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Just in Time for Valentine’s Day, One Man’s Miserable Tale of Love

February 11, 2011

A perusal of the Library’s sheet music collection yesterday revealed a song we found highly entertaining; coincidentally, as it’s about romance (albeit its more unpleasant side), we thought it would be perfect for a Valentine’s Day blog post.

The sheet music cover for "Don't Shoot (I'll Marry the Girl)"

The sheet music cover for "Don't Shoot (I'll Marry the Girl)."

“Don’t Shoot (I’ll Marry the Girl),” 1924

It was time to say good-night,
John held Susie held her tight,
All at once there came a light
Johnny’s heart went cold,
Then Susie’s Pa came on the run
In his hand a big shot gun
There they stood side by side
Johnny loudly cried.

CHORUS:
Don’t shoot! don’t shoot! I’ll marry the girl
Don’t shoot! don’t shoot! My head’s in a whirl

I’ll do anything you say
Let you set our wedding day
Don’t shoot! don’t shoot! I’ll marry the girl.

Now the worst is yet to come,
When they will be made as one,
Johnny says it can’t be done
I leave town today,
But Susie’s Pa was on his trail
Had poor Johnny put in jail
There he waits to be wed
Wond’ring why he said.

CHORUS:
Don’t shoot! don’t shoot! I’ll marry the girl
Don’t shoot! don’t shoot! My head’s in a whirl

Mister can’t you understand
All I did was hold her hand
Don’t shoot! don’t shoot! I’ll marry the girl.

It was just last night at nine,
That the wedding bells did chime,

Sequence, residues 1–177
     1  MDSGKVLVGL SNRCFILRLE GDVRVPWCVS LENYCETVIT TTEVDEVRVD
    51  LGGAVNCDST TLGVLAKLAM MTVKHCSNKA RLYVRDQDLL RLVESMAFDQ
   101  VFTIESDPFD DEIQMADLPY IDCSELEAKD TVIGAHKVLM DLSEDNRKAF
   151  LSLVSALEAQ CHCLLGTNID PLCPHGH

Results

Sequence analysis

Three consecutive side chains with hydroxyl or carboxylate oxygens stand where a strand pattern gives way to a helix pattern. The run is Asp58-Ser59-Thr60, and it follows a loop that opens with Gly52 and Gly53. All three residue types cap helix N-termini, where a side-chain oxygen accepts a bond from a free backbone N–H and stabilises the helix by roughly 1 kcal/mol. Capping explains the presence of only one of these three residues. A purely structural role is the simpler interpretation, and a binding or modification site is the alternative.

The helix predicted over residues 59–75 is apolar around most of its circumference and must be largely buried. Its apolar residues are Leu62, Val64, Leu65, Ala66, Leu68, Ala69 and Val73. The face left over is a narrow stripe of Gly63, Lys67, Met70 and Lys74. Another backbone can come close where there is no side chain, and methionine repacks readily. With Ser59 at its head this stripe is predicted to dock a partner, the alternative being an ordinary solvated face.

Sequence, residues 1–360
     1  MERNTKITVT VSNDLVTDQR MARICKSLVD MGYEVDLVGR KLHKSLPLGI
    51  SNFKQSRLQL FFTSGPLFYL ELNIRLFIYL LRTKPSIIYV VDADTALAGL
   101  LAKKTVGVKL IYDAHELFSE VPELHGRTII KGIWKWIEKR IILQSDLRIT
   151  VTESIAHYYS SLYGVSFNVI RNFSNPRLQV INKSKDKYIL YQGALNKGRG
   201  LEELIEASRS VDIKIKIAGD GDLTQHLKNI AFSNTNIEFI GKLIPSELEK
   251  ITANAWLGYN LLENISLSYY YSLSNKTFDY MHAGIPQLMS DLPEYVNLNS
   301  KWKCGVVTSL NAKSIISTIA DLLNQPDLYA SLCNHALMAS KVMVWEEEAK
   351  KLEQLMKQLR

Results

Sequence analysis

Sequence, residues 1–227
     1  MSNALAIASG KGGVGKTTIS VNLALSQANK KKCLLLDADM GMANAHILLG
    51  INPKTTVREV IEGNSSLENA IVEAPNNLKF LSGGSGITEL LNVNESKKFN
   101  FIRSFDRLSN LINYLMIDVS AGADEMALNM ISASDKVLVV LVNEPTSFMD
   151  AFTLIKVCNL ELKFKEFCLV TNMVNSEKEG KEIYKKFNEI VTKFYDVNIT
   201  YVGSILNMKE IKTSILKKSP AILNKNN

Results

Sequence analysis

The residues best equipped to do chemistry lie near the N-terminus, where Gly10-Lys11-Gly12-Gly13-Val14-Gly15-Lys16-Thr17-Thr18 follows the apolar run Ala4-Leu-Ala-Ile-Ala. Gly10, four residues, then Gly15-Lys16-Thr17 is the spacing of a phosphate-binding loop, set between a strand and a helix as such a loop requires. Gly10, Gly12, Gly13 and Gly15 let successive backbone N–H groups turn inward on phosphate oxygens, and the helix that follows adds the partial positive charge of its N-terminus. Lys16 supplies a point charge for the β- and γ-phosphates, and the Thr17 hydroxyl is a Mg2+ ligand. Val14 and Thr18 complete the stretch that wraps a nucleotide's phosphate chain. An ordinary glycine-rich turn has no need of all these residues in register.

Ev’ry one said ain’t that fine
Such a happy pair,
But when the preacher said do you
Promise always to be true
John said yes with a sigh
Then began to cry.

CHORUS:
Don’t shoot! don’t shoot! I’ll marry the girl
Don’t shoot! don’t shoot! My head’s in a whirl

I love her and she loves me
Soon we’ll have a family
Don’t shoot! don’t shoot! I’ll marry the girl.

Cursory research indicates that Maurice Dwight Bourn, who wrote the music and lyrics for “Don’t Shoot (I’ll Marry the Girl),” was born in Missouri on December 19, 1899. His father William M. Bourn, a dentist, moved the family to San Antonio sometime between 1910 and 1920. Dwight Bourn may have been a World War I veteran and, in the early 1920s, attended the University of Texas. San Antonio city directories from around 1930 list Bourn as a musician; additional evidence suggests that he participated in a jazz recording session as a pianist in 1925 and co-wrote the song “Make ‘Em Say Uncle, Uncle Sam!” in 1942. As a captain stationed at Kelly Air Force Base, Bourn married Sally Florence Saye Frampton (1899-1972) in 1946; she was a long-time manager at the Menger Hotel. Dwight Bourn was eventually promoted to Major in the Air Force and served in Roswell, New Mexico, and Africa. He died in Bexar County on August 23, 1963.

Earl C. Diggans (1880-1938), who published the sheet music for “Don’t Shoot (I’ll Marry the Girl),” was a San Antonio music merchant. An article in the Presto-Times, the American Music Trade Weekly, from March 1932 included an article about Diggans’ store, which he operated with his son, George C. The article described the two men as “thoroughly experienced piano men…with a record of having sold collectively upwards of ten thousand pianos in the state of Texas during the past twenty years.”

Happy Valentine’s Day!

Click here for a full citation of the documents and images included in this entry.

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